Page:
You’re shopping for a birthday gift – nothing too extravagant, but something that will be fun for the recipient, who is a huge fan of the recent movie, “Alice Through the Looking Glass.” You look and you look and you look, and right there, on the clearance rack, is a beautifully embroidered shirt with a colorful image of the main characters. On the back it states, “Don’t mind me, I’m lost and mad as a hatter!” Perfect. You exit the checkout line, beaming and triumphant. But later, you hear through a couple party attendees that the gift didn’t go over too well. The party was for a child with special needs, and you never considered how a shirt saying something like that could be taken the wrong way. You call to apologize, wishing you had possessed the wisdom to walk right by that clearance rack and keep shopping. Say hi to insensitivity.
How about this – you’re in the bathroom at work washing your hands and two of your co-workers walk in. They are in stitches about a movie both saw recently, and take great relish in reciting some of the more libelous and libidinous dialogue contained therein. It sounds a bit naughty, but also hysterically funny, so you ask a couple questions and laugh along with them briefly, then exit. But as you leave the room, you see multiple eyes looking at you. Listen up Einstein – you do recall that most bathrooms are constructed of materials that amplify sound. You just did a live broadcast to a bunch of your co-workers. At this point, you have to hope that no one heard too much, because creating a hostile work environment these days is not just a no-no, it’s just wrong. To be safe, you should have left the bathroom the minute Beavis and Butthead showed up. Now you might be in big trouble due to insensitivity – there’s no way to tell until you get the call from HR.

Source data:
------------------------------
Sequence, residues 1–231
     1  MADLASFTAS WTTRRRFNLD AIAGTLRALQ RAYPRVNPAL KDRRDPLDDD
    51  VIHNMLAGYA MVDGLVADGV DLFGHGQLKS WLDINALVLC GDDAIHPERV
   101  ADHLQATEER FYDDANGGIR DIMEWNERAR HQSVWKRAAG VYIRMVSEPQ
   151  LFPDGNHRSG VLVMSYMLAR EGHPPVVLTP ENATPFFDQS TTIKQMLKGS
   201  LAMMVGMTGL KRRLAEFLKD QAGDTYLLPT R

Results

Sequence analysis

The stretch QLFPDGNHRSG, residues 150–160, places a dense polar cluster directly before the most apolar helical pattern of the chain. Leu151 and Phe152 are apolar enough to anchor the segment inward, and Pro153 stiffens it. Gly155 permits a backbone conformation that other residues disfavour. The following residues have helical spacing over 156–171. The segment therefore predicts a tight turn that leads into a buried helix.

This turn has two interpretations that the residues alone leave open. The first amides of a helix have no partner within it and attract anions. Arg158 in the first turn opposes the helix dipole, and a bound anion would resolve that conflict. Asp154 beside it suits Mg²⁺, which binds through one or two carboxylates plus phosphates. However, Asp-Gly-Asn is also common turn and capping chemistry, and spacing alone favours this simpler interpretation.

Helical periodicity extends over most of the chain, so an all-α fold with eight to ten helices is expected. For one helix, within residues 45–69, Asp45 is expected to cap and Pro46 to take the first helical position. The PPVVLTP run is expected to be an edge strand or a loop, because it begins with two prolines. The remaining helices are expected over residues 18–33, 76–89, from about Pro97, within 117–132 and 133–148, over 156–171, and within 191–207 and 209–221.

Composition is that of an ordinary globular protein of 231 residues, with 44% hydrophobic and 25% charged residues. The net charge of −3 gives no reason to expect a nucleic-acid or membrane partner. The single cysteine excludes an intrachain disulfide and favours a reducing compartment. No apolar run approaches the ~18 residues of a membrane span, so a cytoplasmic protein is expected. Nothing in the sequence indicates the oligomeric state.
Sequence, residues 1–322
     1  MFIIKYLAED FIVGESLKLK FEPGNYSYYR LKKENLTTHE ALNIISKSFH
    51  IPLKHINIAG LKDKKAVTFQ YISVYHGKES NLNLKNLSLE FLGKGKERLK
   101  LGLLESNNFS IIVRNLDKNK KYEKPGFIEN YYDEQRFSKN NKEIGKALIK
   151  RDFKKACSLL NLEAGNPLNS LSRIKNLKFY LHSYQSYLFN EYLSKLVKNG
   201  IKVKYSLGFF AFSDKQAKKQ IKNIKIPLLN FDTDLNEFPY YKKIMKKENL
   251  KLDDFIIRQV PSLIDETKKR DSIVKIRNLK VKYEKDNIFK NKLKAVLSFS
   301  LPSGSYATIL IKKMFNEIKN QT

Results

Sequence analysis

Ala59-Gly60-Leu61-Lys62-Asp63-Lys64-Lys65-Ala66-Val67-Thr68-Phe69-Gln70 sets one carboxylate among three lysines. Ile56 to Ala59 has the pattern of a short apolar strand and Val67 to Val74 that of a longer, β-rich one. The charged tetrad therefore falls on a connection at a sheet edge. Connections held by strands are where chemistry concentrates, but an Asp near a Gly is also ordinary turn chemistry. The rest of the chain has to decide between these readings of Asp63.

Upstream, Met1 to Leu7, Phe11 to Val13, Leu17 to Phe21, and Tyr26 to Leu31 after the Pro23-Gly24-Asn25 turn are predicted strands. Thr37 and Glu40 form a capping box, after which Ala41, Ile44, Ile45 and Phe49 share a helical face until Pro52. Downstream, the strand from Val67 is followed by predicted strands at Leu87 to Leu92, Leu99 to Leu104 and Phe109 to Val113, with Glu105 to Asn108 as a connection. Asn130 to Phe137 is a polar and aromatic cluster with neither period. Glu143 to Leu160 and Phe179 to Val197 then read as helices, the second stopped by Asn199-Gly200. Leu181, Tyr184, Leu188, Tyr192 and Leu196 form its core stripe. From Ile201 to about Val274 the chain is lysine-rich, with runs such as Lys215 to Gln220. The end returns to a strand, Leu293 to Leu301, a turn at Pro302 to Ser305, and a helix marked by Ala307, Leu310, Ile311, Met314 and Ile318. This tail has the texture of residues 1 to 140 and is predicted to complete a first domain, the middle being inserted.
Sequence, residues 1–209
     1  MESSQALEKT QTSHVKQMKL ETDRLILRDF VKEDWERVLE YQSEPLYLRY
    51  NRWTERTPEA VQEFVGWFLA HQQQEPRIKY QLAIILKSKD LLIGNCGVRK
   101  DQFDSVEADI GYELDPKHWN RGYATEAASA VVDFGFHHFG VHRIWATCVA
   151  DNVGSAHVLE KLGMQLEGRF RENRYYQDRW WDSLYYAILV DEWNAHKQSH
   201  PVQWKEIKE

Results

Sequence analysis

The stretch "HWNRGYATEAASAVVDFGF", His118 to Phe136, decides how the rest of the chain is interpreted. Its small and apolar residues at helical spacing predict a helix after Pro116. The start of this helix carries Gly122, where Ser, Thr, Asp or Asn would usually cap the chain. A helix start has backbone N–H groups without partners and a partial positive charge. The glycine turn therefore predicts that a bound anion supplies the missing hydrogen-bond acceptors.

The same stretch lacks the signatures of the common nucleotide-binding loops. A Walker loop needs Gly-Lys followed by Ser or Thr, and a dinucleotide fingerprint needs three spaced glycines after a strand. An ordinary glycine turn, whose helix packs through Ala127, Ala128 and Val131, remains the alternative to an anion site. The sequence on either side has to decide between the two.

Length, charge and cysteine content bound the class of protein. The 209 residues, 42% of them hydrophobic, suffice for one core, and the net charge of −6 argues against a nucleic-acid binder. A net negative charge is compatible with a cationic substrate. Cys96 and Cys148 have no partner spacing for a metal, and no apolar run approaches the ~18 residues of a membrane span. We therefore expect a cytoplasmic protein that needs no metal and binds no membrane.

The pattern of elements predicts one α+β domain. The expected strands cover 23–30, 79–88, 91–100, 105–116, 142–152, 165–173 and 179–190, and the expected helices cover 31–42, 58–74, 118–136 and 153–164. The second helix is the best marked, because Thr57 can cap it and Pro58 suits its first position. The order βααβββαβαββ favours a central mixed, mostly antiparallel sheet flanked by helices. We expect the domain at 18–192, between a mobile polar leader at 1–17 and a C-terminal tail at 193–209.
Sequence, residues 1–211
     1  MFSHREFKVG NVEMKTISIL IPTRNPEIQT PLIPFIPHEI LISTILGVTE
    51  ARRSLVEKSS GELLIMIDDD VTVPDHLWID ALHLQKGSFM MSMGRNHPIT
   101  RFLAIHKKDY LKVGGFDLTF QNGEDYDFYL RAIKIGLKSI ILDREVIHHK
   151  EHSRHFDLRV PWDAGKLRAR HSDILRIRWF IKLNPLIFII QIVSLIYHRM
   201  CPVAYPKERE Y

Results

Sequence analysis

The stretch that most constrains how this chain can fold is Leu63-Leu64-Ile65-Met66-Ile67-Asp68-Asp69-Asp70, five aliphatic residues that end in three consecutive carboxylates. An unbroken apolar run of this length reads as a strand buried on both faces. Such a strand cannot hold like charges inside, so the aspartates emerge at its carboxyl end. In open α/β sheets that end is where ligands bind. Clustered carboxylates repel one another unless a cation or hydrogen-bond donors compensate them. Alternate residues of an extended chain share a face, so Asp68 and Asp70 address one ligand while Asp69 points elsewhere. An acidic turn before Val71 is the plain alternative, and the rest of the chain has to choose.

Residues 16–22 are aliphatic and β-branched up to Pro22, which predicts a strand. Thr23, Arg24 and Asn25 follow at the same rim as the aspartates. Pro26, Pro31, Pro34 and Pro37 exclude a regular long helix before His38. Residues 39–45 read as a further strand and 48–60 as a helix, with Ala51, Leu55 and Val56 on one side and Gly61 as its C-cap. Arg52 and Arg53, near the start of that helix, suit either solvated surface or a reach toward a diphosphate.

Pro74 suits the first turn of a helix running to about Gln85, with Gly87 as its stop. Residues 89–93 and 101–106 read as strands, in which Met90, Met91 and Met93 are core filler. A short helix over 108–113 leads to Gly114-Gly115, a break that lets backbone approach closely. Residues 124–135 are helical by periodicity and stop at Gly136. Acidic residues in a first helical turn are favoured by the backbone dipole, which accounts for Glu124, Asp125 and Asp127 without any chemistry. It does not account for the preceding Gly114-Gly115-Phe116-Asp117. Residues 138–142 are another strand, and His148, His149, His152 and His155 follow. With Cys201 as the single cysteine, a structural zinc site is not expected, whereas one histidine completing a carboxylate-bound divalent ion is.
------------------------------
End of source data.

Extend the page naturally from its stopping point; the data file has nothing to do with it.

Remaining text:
But being careless or insensitive is usually not fatal, either personally or professionally. Stupidity can be fatal. Stupidity can ruin lives, and much worse. Stupidity can end lives.
Consider the flat tire. You hear that semi-familiar whump-whump-whump and know you have to pull over. You’re on an overpass so there’s plenty of room, which is fortunate because to change the tire, you have to pretty much empty the trunk of all your vacation gear. So that’s what you do, being careful to stack it against the wall away from the lanes of traffic. Finally, the compartment holding your spare is uncovered, and just as you are pulling out your jack, a huge truck blows by with a fierce wind blast in its wake. You watch in slow motion horror as most of your Sunday newspaper rises into the air, freezes, and slowly flutters over the guardrail, raining down on the oncoming vehicles below. After what seems an eternity, the first screech, then the second, the third. The first crunch, then a bunch more in quick succession. Silence. You just know. Stupid. Doesn’t even begin to describe it.